Alpaca author spreads love for learning
Latest book is ‘The Elegant Alpaca’
ROLFE — In retirement, author and former educator Denise Wasko has taken up a less conventional hobby.
After 30 years working as a teacher for area schools and as an educator at Prairie Lakes Area Education Agency, the teacher’s ideal pet turned out to be an alpaca.
“Well, you have something fun,” she said to her husband, who has Scottish Highland cows. “When I retire, I’m going to get something fun, too.”
So like anyone new to a specific pet, she immediately adopted three pregnant females in 2016.
“After we bought them, I didn’t know much about them,” Wasko admitted.
After taking a crash course through research, her first book became a way to help other novice alpaca owners asking her all the questions she started out asking.
And as three alpacas soon turned into seven, one hobby also turned into two.
While children in Iowa are well versed in the typical farm animals, Wasko has found a novel animal most of them get excited about, turning it into a tool for encouraging reading.
“You’ll never be bored in life if you like to read,” the author of three books said.
Her most recent work, “The Elegant Alpaca,” delves into fiction for the first time with illustrations that follow the adventure of Shakota, her white alpaca with a “poodle” cut, who wants to join Denise and her husband on their trips to their daughters’ weddings over the summer.
“Shakota, she’s kind of my hero,” Wasko said. “She’s been a mama twice.”
Wasko didn’t want her to give birth to her most recent baby over the summer, while she was traveling out of state for the weddings.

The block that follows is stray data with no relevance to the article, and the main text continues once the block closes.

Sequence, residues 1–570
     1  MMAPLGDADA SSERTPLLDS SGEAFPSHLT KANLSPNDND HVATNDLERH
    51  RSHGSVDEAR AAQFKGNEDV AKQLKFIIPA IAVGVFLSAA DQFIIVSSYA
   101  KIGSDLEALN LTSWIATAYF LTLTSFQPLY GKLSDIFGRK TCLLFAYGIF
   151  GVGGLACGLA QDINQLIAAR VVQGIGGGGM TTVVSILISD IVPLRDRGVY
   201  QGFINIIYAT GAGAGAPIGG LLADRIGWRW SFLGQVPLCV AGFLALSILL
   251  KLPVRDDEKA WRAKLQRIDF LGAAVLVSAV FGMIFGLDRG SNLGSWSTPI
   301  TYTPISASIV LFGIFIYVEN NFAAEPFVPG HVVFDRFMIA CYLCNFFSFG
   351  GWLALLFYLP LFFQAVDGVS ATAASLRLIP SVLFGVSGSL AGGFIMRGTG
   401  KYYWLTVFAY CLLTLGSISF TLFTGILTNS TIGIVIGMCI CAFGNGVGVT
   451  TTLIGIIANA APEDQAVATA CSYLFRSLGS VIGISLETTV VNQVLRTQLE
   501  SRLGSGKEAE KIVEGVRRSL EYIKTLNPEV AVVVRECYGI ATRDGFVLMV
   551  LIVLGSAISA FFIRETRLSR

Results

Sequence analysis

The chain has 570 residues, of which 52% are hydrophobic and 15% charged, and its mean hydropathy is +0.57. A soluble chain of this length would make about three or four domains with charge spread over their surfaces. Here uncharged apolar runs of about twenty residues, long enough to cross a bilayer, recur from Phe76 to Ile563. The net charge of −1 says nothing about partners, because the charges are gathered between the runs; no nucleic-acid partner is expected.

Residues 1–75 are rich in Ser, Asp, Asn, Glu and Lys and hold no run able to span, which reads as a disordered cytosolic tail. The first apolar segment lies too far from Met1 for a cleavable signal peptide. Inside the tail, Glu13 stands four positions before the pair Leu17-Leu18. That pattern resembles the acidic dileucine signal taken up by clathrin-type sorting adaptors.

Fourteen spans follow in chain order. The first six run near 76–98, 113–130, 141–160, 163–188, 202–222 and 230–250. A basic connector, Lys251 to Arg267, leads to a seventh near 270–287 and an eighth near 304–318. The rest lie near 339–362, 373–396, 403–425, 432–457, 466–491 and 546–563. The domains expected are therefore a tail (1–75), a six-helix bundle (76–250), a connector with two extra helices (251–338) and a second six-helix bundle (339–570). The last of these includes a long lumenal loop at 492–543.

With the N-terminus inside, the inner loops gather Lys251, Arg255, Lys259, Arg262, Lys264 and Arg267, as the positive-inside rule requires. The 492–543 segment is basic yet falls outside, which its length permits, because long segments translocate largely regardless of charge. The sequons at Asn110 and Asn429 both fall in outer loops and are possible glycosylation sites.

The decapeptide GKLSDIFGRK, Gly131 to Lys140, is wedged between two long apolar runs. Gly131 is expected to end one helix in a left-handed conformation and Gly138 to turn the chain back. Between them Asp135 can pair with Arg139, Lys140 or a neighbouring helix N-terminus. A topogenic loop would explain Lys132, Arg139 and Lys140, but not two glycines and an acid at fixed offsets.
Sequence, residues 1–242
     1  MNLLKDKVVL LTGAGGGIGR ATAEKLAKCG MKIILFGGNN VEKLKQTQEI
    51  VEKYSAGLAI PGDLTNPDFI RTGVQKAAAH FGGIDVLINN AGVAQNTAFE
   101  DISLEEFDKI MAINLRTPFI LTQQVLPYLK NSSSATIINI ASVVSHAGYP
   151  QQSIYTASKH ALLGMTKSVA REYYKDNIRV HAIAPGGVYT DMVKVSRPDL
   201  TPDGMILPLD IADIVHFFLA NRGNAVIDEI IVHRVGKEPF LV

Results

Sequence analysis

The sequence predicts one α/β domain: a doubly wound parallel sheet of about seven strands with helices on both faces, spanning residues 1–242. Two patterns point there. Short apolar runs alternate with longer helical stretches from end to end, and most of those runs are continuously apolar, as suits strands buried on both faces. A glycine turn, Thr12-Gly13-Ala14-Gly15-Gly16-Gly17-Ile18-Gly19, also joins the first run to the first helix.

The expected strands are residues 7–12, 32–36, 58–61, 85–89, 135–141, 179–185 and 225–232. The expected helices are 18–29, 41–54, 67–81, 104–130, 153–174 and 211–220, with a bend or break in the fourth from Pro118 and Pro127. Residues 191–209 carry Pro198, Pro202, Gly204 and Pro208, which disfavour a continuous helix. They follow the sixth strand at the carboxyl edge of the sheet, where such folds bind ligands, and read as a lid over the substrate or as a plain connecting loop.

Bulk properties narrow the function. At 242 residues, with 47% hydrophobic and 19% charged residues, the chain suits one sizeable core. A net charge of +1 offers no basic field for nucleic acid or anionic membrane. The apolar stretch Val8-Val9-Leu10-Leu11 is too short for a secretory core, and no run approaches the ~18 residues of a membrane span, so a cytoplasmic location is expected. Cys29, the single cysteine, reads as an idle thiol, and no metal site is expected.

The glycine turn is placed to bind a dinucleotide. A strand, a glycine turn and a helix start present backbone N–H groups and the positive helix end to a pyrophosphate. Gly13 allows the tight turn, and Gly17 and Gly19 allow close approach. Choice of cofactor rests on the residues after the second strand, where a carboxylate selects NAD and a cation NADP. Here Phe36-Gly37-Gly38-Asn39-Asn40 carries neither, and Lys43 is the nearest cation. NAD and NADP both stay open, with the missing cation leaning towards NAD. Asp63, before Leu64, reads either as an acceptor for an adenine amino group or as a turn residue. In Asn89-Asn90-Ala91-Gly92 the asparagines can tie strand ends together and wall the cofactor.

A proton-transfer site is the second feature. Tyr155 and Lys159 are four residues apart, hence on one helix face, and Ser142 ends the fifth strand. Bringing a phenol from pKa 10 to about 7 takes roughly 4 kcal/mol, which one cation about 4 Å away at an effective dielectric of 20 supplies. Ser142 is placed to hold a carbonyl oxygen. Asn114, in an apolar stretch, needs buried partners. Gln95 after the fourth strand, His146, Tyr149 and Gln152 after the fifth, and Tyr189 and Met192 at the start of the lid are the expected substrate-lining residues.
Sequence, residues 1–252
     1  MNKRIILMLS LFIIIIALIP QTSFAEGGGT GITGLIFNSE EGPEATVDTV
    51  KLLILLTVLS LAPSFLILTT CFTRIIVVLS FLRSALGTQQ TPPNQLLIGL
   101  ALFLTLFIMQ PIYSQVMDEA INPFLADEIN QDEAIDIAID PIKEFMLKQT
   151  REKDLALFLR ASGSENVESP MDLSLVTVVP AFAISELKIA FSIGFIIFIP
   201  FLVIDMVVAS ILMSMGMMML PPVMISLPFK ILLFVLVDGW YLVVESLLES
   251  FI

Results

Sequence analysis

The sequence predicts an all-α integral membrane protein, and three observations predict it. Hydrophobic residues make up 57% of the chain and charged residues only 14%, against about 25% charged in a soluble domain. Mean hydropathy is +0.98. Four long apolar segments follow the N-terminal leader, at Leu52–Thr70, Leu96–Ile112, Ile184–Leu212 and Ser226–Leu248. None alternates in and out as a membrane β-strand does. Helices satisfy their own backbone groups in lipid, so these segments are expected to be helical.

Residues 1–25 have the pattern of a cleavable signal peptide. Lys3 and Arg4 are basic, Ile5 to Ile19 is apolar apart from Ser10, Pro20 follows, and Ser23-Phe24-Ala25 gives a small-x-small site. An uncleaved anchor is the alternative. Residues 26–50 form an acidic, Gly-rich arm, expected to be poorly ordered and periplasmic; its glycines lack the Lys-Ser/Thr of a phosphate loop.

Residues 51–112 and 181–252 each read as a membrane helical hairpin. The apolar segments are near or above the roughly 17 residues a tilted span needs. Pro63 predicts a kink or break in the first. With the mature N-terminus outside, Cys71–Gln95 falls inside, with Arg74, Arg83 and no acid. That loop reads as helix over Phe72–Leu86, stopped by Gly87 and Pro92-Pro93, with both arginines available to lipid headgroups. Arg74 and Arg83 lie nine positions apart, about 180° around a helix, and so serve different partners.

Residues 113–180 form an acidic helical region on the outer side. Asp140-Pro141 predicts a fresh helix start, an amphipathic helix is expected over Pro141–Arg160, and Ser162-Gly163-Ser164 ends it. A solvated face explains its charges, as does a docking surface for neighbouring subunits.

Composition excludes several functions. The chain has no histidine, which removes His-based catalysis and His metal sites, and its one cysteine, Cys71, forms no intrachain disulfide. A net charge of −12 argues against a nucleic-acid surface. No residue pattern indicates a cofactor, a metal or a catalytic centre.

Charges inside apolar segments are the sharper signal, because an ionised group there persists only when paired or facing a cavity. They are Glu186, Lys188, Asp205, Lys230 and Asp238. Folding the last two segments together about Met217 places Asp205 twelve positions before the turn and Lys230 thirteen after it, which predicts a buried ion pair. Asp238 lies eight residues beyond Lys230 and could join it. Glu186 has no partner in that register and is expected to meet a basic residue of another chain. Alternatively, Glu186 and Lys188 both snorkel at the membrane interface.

“She just acts like ‘yeah, I’ll wait for ya,'” Wasko said. “I imagined what it must like to always be in a pen.”
And Shakota did wait, giving birth to Minnie, a caramel brown girl, a couple weeks after they got home.
In the book, Shakota wonders what it’s like to dress up for a fancy party, venturing out for some camelid shenanigans at a wedding she stumbles upon.
Though she doesn’t dress fancy in real life, she does get to venture out occasionally for visits that bring reading to life for children more than any illustration can on a page. What’s more is that it makes being an author seem like a goal within reach for children that will soon be able to write.
That excitement is something Wasko takes pride in sparking.
“It makes it real to them,” she said, that someone who went to a school just like theirs became an author and they can, too. “It’s a goal that can be reached. That’s really fun to see happen.”
And when they can see live alpacas or feel their fiber, their interest level in the book is much higher, Wasko explained.
“That’s kind of my whole goal,” she said. “As an educator, I want to get kids interested and excited to read and continue reading, and let parents know the value and importance of reading to their kids.”
Various contests on Facebook allow kids and adults to win books for their favorite library, school or day care by doing things like guessing when their next cria — the term for baby alpacas — will be born. (If you play this guessing game, remember that the gestation period for alpacas is 11 to 12 months.)
Readers will find a theme for any mood with the three books. The first one is informational and the third one is entertaining, but the second one came out of tragedy.
One of Wasko’s first three females, Jaida, died suddenly two months after giving birth to another baby girl. The book, Roxy Remembers, follows the journey of newborn Roxy as “Nana D” and her husband, Jim, foster her around the clock with bottle feedings until one of her “aunts,” adopts her, allowing her to feed with her “cousin” after giving birth.
“It kind of tells the story of loss,” Wasko said. “By the end, she wouldn’t take the bottle from us anymore.”
Wasko’s first two books, “Nana D’s Alpacas” and “Roxy Remembers,” are available on Amazon. All three of her books, including her most recent work, “The Elegant Alpaca,” are available directly from her at a cheaper price than Amazon. She can be reached via email: firstname.lastname@example.org.